Types of Polyurethane Finishes

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Shellac, varnish, and lacquer finishes have been around for a long time. They serve special purposes and are still used, but for most applications today, they're nudged aside by polyurethane. Used on furniture, woodwork, and floors, polyurethane is basically liquid plastic when applied, drying into different degrees of durability depending on the type of base chosen: water or oil. In addition to choosing the base type for your project, you'll need to decide which finish you want, and that involves considerations of aesthetics and maintenance.

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Four Types of Polyurethane Finishes

Polyurethane finish is available in four sheen levels: matte, satin, semigloss, and high gloss. The sheen is determined by measuring the extent to which the finished surface reflects light.

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Matte finish is, of course, flat and therefore the least reflective. It's often chosen because its lower luster helps to hide scratches and blemishes. Satin finish is the most frequently chosen sheen because it offers enough shine to please those who find the flatness of matte unappealing but not so much that it calls attention to marks and damage. Satin polyurethane finish is easy to maintain.

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Semigloss is more lustrous than satin. Its sheen serves to more effectively reveal the beauty of the wood, but because scuffs and scratches become more easily visible, you'll spend more time maintaining the finish to keep it looking good. If used for flooring, it's best for areas with little traffic.

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High-gloss polyurethane finish is eye-catching, but because it's the most light-reflective, it reveals every little scratch, scuff, and ding. For this reason, it's uncommon to see this finish on floors. If used for floors at all, it's best reserved for low-traffic areas.

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About the Base

There are two basic types of base used in polyurethane finishes: water and oil. The base does not determine the sheen level, but it can affect the color. While water-based polyurethane doesn't create color issues, after a few years, oil-based products can begin to turn yellow. Darker woods may not show the yellowing, and some woods may be enhanced by the warming effect, but the look of lighter-colored woods can eventually be ruined by oil-based polyurethane.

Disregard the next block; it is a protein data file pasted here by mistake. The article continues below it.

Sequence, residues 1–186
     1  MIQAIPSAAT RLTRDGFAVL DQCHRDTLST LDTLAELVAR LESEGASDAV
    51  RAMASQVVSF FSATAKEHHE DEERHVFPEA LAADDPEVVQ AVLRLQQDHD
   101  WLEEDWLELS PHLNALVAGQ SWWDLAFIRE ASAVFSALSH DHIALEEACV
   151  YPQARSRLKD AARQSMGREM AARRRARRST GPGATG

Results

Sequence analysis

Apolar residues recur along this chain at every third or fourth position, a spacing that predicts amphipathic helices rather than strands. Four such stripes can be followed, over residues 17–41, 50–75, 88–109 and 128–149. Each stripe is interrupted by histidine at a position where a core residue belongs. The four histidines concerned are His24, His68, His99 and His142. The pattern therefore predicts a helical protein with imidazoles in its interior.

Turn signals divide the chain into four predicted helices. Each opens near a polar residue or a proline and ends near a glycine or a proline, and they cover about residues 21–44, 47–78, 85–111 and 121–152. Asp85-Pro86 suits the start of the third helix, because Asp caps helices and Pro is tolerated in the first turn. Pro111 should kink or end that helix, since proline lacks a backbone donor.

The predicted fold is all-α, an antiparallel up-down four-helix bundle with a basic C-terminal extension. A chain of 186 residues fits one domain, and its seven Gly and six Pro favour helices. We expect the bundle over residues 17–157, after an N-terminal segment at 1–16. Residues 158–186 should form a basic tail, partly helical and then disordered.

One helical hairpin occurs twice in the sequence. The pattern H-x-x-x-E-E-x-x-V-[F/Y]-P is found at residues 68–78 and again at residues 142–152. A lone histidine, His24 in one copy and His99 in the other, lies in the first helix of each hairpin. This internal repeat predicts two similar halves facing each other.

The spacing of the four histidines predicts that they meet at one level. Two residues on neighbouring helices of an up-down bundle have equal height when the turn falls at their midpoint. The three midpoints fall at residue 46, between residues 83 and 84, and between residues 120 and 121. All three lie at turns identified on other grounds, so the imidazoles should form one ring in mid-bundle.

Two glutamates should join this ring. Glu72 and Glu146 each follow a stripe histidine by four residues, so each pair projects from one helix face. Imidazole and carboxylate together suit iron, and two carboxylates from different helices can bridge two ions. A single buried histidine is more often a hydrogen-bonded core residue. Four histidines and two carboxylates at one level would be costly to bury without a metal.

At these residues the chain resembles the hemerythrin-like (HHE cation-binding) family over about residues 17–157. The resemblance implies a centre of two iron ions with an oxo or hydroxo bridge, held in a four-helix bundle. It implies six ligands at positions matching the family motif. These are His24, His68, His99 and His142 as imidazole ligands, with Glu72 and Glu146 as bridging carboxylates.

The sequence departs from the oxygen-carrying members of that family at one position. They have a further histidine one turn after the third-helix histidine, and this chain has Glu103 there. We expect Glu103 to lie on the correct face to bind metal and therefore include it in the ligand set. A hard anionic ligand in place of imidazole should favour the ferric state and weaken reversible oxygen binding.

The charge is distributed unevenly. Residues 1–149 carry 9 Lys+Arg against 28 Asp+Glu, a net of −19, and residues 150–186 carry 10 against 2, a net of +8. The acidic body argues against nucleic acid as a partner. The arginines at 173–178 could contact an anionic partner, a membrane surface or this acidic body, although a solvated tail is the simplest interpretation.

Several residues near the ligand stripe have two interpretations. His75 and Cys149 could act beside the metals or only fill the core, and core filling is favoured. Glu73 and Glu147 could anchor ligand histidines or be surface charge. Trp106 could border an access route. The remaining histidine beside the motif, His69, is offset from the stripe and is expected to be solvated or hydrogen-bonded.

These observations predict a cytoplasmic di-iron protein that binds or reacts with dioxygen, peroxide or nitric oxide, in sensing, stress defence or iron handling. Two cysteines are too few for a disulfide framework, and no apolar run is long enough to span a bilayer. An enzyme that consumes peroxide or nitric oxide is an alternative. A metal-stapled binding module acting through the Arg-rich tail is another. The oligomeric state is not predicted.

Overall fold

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The durability of the finish is also determined by the base chosen. An oil-based polyurethane finish is more durable than a water-based product as a result of how it cures within the wood and is a good choice for floors and for kitchens, dining rooms, and work tables. Water-based polyurethane carries less odor and toxicity, but you'll have to apply more coats. It's also more easily affected by heat and certain chemicals, which makes it a poor choice for floors and furniture that see heavy use.

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A third type of base now available is water-based, oil-modified polyurethane. It dries to a durable, amber-colored finish, but it cleans up with water and has the lower toxicity of a water-based polyurethane.

You Can Change the Finish

If you're unhappy with the way your floor or furniture looks — if it's dull, overly shiny, or simply showing age — you can make a change. It's important to note that if the finish is less than six months old, you'll have to stick with the same base. If the existing finish is a water-based polyurethane, for example, you can't apply an oil-based product and vice versa. Finishes that are older than six months can, however, take a change of base type.

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